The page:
NOTE: The following obituary of George Munro appeared in theFireside Companion several months after his death.


GEORGE MUNRO, the well-known and philanthropic publisher, died suddenly on Thursday morning, April 23d, at Pine Hill in the Catskills, whither he had gone to superintend repairs and improvements on his country home.
He fell dead on the road between the late Doctor Howard Crosby’s house and his own, while walking, after breakfast, to the spot where his men were engaged at work on the ground. A medical examination showed that heart failure was the cause of death.

A telegram was immediately sent by the care-taker to the dead man’s family, and the body was brought by his sons to Mr. Munro’s late residence, No. 15 West Fifty-seventh Street, New York City, and was interred at Greenwood Cemetery on Monday, April 27th.

George Munro was born in Nova Scotia, November 12, 1825. By dint of his own efforts he received the best education the province afforded, and from 1850 to 1856 he was instructor in mathematics in the Free Church College, Halifax, Nova Scotia, at the same time completing a course in theology. But he was destined never to occupy the pulpit.

He came to New York in 1856. He had only a few hundred dollars in his pocket, and no position assured. His first employment was with the American News Company, at a very small salary.

His position and his earlier education set him thinking of the problem of cheap and yet good literature for the masses. After a small preliminary venture with a series of cheap novels, he started, in 1867, THE FIRESIDE COMPANION. This was followed, in 1877, by THE SEASIDE LIBRARY, the first numbers of which, in the order of their appearance, were “East Lynne,” “John Halifax,” “Jane Eyre,” A Woman Hater,” The Black Indies,” The Last Days of Pompeii,” “Adam Bede”–a catholic choice of attractive but standard works.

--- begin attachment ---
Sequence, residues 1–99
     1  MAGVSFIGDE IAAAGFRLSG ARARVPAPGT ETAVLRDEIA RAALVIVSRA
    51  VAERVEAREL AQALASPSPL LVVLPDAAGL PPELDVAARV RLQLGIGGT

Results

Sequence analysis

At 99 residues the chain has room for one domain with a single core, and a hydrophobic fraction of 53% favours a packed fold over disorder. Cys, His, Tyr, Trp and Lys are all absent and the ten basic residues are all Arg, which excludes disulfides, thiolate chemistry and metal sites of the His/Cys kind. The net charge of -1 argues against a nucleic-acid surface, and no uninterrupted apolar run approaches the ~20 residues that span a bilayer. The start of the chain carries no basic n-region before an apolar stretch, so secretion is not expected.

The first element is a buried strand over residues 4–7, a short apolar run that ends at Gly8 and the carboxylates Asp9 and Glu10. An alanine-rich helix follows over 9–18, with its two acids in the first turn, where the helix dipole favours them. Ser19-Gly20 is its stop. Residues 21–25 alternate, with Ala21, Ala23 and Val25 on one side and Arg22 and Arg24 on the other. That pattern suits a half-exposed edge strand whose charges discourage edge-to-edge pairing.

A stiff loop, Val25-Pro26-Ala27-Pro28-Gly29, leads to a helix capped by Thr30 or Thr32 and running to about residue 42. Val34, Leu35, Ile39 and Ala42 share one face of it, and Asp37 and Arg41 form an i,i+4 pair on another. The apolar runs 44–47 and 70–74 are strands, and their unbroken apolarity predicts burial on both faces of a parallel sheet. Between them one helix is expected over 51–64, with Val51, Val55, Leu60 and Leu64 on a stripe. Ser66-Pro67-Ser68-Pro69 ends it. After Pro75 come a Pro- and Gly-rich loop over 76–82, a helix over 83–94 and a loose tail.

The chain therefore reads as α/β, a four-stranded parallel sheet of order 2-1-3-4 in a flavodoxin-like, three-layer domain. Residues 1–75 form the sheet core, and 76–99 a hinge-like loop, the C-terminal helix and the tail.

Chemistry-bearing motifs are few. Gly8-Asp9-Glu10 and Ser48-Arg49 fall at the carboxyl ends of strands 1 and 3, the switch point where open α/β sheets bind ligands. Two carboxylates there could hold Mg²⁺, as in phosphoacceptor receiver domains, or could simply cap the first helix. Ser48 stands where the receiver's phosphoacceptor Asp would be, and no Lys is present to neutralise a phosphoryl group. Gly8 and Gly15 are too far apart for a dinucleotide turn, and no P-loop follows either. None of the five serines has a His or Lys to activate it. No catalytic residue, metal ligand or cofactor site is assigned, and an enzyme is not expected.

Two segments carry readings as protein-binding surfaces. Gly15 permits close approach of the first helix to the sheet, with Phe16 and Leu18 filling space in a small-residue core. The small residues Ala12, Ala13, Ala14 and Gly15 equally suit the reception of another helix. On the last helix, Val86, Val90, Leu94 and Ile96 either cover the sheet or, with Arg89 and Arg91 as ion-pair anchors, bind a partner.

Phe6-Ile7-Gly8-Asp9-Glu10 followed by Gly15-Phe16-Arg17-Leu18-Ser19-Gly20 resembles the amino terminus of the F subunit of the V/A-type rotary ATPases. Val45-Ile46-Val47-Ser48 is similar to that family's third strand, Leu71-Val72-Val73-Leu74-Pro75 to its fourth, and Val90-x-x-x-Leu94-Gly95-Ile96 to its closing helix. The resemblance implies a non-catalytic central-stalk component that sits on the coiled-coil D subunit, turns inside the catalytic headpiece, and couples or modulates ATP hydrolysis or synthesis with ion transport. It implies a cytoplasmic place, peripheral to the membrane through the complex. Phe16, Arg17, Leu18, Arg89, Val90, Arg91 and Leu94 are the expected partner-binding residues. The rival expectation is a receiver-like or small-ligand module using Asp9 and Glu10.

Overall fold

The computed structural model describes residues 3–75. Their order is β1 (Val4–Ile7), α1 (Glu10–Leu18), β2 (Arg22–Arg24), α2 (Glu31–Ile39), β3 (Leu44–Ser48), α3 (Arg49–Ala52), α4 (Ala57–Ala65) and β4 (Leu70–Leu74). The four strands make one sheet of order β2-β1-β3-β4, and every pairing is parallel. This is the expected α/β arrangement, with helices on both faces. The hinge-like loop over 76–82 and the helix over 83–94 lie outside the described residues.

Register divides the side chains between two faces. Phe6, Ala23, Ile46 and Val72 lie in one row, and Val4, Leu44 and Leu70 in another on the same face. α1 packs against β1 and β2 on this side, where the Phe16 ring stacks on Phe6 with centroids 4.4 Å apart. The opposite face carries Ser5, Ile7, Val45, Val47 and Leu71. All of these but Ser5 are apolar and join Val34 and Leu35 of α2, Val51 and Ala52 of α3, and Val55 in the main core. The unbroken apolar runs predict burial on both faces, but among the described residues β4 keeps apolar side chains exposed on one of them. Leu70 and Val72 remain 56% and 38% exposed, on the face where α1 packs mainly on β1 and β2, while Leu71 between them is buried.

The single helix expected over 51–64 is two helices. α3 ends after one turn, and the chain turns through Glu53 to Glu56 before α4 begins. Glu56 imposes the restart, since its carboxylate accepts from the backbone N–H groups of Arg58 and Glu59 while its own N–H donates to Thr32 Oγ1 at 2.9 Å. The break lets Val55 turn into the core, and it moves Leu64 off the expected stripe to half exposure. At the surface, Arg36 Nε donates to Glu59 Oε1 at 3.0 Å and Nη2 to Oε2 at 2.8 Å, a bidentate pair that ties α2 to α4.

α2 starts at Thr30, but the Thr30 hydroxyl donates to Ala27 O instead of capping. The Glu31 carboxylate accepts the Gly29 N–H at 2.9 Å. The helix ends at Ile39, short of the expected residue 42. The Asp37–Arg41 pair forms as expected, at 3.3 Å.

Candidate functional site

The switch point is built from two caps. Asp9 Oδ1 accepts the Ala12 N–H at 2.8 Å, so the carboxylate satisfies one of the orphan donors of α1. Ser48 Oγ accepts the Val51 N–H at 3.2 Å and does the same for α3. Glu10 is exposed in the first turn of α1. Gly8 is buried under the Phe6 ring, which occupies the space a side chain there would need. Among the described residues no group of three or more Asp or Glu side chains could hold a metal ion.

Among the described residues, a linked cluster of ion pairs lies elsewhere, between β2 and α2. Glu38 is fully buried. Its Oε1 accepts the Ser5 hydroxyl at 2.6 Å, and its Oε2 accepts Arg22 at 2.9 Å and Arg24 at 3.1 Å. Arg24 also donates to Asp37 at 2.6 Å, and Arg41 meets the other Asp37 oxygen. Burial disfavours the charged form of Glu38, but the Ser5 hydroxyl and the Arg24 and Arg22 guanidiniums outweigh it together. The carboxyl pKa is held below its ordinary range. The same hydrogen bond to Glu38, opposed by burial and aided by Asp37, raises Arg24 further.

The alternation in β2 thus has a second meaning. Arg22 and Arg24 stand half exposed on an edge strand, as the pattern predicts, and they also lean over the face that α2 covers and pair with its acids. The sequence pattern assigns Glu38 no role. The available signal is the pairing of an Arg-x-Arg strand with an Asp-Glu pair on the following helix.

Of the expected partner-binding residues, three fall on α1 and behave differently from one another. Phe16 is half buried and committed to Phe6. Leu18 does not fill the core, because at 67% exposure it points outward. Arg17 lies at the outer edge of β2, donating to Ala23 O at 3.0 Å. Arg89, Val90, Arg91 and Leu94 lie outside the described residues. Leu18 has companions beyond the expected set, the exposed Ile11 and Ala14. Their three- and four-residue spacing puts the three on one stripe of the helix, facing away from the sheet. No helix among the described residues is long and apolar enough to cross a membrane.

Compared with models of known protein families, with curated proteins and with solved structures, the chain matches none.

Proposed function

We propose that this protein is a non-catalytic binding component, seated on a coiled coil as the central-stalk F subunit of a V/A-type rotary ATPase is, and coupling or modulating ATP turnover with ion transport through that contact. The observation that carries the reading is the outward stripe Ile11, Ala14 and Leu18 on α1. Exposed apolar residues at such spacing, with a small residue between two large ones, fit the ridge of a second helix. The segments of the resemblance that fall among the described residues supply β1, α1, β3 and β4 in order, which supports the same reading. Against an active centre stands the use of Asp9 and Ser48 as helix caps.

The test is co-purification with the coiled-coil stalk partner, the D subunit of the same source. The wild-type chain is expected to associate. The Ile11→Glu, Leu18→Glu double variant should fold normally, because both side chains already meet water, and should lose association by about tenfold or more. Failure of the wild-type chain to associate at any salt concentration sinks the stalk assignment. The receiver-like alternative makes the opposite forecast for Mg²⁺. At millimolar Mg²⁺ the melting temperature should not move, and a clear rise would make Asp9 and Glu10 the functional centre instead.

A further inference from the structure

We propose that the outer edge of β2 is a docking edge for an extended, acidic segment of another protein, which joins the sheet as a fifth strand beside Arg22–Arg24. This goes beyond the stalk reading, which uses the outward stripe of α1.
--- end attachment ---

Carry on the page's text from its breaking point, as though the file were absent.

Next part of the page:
The margin of profit in these books was small, but the business was large and increasing. George Munro became a rich man, and the American people secured the best popular literature at prices hitherto undreamed of. It is this revolution in the publishing business that gave him his reputation with the general public.

But to a narrower circle is known the use he made of his wealth. He endowed professorships of physics, literature, philosophy, history, and constitutional law in Dalhousie College, Halifax, Nova Scotia, and made gifts to it for scholarships and other purposes, so that his total benefactions to that institution aggregated nearly five hundred thousand dollars. He was also a benefactor of the New York University. At the time of his death, he was a member of the council of that university.

About three years ago he retired from business, devoting his time to the care of his property interests.
He was an ardent though liberal-minded Presbyterian, and his donations to church objects were large and continuous. He was a member of Doctor John Hall’s church, and was highly esteemed by his pastor. Besides unfaltering faith and piety, his chief characteristics were courtesy, kindliness, self-control, indefatigable industry, and in business a judgment of men and affairs that is seldom surpassed.

A widow and four children–two sons and two daughters–are left behind. The sons, George W. and John, are engaged in the publishing business, in the firm of George Munro’s Sons. The younger daughter is at home, and the other is the wife of President Schurman, of Cornell University.

Source: The Fireside Companion. June 6, 1896.

NOTE: This clipping is available in the Albert Johannsen Collection in the Special Collections Department of the Northern Illinois University Library. It is included in the folder marked Beadle Novels, Volume 2. The date was written in by hand is probably wrong as Munro died in 1893, not 1896.